When used to make Barolo or Barbaresco in Piemonte, Nebbiolo can yield ferociously tannic wines that need decades to show their best. But there are some more obscure wines from this corner of North Italy that provide the requisite combination of acid and tannin without needing an eternity in the cellar.
Langhe Nebbiolo is an appellation that encompasses the wine growing area that includes Barolo and Barbaresco but is generally made in an appealing, early drinking style. The one I’m talking about is from Produttori del Barbaresco, a cooperative winery in (you guessed it) Barbaresco, but quality examples abound and there hasn’t been a truly awful vintage in Piemonte since 2002.
Next door, in Roero, the sandier soils give lighter, charming wines from Nebbiolo grapes too, and north of the Langhe zone, in such historic places as Ghemme and Gattinara, the wines have Barolo’s haunting fragrance but a little less tannic muscle.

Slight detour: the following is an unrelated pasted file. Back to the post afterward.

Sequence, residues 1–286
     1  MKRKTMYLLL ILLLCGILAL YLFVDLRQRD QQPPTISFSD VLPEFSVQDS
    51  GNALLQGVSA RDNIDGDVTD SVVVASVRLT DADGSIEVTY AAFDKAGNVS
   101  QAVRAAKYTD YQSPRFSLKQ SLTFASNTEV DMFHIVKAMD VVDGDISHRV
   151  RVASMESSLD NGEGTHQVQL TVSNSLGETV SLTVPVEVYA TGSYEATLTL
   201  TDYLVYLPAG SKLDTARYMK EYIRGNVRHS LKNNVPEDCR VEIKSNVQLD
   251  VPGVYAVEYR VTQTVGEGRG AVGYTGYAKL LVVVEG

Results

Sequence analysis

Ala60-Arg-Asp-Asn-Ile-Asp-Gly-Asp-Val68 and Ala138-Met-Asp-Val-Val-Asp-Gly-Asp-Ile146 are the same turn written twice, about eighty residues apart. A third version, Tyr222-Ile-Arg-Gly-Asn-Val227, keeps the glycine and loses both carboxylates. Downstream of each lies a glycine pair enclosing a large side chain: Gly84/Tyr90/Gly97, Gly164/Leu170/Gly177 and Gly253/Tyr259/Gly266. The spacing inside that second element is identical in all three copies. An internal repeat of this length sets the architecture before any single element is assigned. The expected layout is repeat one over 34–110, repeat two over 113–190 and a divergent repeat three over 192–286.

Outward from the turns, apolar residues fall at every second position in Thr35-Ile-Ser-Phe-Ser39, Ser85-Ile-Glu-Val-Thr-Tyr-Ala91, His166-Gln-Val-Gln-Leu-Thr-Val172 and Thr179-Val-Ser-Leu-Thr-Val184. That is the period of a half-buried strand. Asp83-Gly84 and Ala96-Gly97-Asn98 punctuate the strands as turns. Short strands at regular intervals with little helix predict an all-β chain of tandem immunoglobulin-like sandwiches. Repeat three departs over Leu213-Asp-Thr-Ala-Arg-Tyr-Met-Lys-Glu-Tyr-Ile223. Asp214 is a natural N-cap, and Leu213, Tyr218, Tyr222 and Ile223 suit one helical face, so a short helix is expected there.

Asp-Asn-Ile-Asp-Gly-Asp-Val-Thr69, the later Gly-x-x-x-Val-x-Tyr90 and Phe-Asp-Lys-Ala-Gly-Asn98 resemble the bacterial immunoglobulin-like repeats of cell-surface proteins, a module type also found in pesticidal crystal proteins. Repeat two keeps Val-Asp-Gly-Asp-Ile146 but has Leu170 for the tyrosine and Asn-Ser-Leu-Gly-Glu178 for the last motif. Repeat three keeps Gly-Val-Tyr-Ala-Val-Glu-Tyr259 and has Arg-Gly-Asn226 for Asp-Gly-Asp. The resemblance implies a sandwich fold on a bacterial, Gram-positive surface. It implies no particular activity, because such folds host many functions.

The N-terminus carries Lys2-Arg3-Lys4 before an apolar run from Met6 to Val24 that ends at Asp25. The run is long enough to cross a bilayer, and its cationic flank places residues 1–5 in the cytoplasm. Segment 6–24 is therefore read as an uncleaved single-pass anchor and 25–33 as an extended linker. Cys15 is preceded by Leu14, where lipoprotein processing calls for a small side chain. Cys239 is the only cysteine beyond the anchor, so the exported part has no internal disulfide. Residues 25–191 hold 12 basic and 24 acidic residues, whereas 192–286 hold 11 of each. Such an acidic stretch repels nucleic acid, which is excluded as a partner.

Over the border in Lombardia they call Nebbiolo “Chiavennasca”, and use it to make a kind of quasi-Amarone by drying whole bunches of the grapes for several weeks before fermentation. This is Sforzato di Valtellina (or “Sfursat” in the local dialect), an imposing, concentrated wine. It’s also worth checking out the wines of Valtellina Superiore, made from Chiavennasca and boasting such evocative names as Sassella, Maroggia, Stagafassli and Inferno. These are Alpine wines with brisk, mouth-cleansing acidity and spice and red fruit aromas (think cherries and raspberries).
This will be my last column for 2011. I’d like to thank my loyal readers. The number of people who’ve told me they enjoy my articles has been gratifying. I wish you all a merry Christmas and hope that you’ll have a chance to get some rest over the festive season. Lutyens will be closed from 24 December re-opening 4 January, so I am looking forward to spending some time with my in-laws in Berlin. Cheers.
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